One of the stars of the period instrument music scene and now a leading opera conductor, Corsican-born Jean-Christophe Spinosi makes his CBSO debut with a sparkling programme featuring this year’s anniversary composer Haydn. Two of the latter’s splendid Paris symphonies are separated by arias by Rossini, sung by one of today’s leading mezzos, acclaimed for her ‘Carmen’ at Glyndebourne.

Review by Geoff Read, Seen and Heard, UK:

“…Shaham’s allure was equally to the fore in Rosina’s Una voce poco fa from Il Barbiere – a natural for the part of Rossini’s sex kitten. She was a veritable minx, but one with also a sting in her tale as her vigorous tantrum demonstrated. The orchestral closure after her thrilling climactic top was overtaken by the applause. We loved her but an encore in the middle of a concert? Not an option.  … “

Review by Christopher Morley, Birmingham Post:

Murray Perahia Plays Bach and Mozart

Fri 13 Nov 7:30pm at Symphony Hall

Academy of St Martin in the Fields
Murray Perahia piano/director

J C Bach Sinfonia Concertante in E flat, T288/7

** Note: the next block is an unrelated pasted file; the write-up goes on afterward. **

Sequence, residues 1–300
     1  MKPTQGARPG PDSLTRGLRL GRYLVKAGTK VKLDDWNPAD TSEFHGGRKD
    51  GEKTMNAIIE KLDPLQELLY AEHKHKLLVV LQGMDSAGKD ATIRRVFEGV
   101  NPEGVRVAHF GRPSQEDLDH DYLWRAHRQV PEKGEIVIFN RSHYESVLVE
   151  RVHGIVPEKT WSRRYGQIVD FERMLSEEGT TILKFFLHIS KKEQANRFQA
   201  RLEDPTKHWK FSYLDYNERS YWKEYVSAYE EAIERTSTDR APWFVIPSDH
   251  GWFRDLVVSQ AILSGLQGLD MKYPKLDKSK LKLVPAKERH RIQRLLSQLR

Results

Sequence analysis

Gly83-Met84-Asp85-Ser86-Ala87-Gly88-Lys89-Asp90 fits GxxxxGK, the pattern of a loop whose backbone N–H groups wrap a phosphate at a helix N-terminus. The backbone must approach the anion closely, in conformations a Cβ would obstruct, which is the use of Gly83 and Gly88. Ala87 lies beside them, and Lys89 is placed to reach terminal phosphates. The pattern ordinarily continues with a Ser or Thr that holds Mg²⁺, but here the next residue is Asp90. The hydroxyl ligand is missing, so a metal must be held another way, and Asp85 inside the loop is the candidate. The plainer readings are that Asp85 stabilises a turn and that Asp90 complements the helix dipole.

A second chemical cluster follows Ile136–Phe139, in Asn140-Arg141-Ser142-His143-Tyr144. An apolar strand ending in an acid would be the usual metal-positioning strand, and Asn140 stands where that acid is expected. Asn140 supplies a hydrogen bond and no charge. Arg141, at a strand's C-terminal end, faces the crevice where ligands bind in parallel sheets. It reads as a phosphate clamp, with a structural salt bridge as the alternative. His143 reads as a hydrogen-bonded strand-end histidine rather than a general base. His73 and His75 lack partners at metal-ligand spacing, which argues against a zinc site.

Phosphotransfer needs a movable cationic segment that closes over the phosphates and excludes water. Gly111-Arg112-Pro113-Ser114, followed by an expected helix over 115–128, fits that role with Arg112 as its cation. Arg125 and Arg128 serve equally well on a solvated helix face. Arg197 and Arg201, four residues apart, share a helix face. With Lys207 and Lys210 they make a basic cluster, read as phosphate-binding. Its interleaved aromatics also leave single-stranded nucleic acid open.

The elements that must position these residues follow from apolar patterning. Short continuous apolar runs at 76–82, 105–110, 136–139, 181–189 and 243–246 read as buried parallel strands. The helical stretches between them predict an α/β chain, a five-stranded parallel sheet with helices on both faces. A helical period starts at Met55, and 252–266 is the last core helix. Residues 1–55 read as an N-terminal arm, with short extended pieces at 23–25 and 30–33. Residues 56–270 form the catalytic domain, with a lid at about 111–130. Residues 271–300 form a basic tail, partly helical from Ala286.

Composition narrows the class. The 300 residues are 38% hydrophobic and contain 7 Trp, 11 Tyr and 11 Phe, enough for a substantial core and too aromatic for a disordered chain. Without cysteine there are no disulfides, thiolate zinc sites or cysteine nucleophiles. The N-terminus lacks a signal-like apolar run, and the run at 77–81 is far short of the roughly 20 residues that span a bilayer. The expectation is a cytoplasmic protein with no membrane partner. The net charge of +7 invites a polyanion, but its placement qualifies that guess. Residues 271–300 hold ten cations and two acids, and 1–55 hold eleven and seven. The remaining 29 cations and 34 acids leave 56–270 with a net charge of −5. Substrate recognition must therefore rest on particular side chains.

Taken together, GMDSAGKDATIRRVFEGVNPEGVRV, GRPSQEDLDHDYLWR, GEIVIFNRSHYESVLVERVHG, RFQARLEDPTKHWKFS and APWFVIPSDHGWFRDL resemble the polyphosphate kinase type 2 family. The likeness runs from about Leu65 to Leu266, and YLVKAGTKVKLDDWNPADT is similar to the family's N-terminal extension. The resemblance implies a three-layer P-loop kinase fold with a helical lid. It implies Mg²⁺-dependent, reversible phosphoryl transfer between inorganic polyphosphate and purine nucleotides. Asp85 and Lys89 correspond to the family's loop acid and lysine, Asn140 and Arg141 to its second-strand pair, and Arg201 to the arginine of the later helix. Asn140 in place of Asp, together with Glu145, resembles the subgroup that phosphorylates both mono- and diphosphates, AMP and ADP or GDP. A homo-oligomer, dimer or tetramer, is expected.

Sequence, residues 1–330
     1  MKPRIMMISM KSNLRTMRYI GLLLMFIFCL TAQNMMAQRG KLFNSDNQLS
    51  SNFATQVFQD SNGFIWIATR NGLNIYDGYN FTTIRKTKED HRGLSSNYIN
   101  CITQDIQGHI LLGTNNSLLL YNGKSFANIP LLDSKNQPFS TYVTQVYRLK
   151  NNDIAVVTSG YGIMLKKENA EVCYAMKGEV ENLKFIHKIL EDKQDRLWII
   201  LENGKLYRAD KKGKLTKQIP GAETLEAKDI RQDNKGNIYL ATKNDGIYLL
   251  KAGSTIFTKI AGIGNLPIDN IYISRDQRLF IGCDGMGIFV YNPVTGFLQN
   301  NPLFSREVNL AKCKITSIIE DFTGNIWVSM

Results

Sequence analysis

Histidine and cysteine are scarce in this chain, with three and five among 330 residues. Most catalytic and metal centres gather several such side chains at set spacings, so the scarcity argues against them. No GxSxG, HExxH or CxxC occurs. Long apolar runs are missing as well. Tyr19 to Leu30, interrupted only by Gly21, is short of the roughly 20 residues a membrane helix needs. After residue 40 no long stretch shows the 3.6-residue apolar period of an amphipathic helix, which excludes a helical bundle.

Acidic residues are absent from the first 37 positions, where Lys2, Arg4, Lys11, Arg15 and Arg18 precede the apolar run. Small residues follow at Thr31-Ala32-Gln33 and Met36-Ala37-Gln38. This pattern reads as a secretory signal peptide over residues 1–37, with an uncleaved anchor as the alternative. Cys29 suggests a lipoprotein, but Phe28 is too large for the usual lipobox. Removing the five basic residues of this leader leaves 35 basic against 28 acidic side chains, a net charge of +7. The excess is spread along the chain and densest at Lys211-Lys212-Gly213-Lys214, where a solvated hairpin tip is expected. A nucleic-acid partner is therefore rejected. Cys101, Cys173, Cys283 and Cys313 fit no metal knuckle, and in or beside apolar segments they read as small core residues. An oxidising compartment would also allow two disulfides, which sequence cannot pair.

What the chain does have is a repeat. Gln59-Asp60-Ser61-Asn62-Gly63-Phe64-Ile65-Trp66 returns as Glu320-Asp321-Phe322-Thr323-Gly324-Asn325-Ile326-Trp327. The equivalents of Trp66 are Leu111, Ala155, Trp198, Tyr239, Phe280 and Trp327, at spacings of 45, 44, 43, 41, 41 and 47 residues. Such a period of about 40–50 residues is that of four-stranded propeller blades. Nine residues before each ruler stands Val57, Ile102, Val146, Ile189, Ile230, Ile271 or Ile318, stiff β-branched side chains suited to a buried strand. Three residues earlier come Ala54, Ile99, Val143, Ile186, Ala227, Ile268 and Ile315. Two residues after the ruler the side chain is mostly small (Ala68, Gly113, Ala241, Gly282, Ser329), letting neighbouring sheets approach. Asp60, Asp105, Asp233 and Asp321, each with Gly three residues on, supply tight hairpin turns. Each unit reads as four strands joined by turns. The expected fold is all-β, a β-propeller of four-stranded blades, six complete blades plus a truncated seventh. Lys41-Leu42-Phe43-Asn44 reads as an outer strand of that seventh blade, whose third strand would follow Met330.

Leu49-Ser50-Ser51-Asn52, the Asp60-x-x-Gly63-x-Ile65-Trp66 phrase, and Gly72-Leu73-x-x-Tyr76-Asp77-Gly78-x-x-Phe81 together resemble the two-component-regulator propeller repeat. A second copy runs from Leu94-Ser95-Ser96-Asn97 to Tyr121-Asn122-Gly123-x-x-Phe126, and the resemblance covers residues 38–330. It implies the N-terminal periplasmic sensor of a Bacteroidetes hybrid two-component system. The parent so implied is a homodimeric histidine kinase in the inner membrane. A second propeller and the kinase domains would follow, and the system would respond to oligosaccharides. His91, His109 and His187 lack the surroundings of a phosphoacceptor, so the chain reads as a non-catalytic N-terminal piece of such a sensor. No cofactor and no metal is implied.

Mozart Piano Concerto No 17 in G, K453
J S Bach Concerto No 3 in D, BWV1054
Mozart Symphony No 38, Prague

Maturity, elegance and simplicity are hallmarks of Murray Perahia’s performances. In the great classical works he is ardent, persuasive, but never dull. With this concert Perahia extends his range, directing Mozart and Bach from the keyboard and taking up the baton for the Prague Symphony – a work of grandeur, majesty and celebratory exuberance.

Encore: Final movement Haydn Symphony?

Review by Rian Evans, Guardian: 

“The Academy of St Martin in the Fields is celebrating its half-century by touring Europe with Murray Perahia as pianist/director. ….The Academy players were alert to Perahia’s every nuance, with flautist Adam Walker and oboist Christopher Cowie outstanding.” 5/5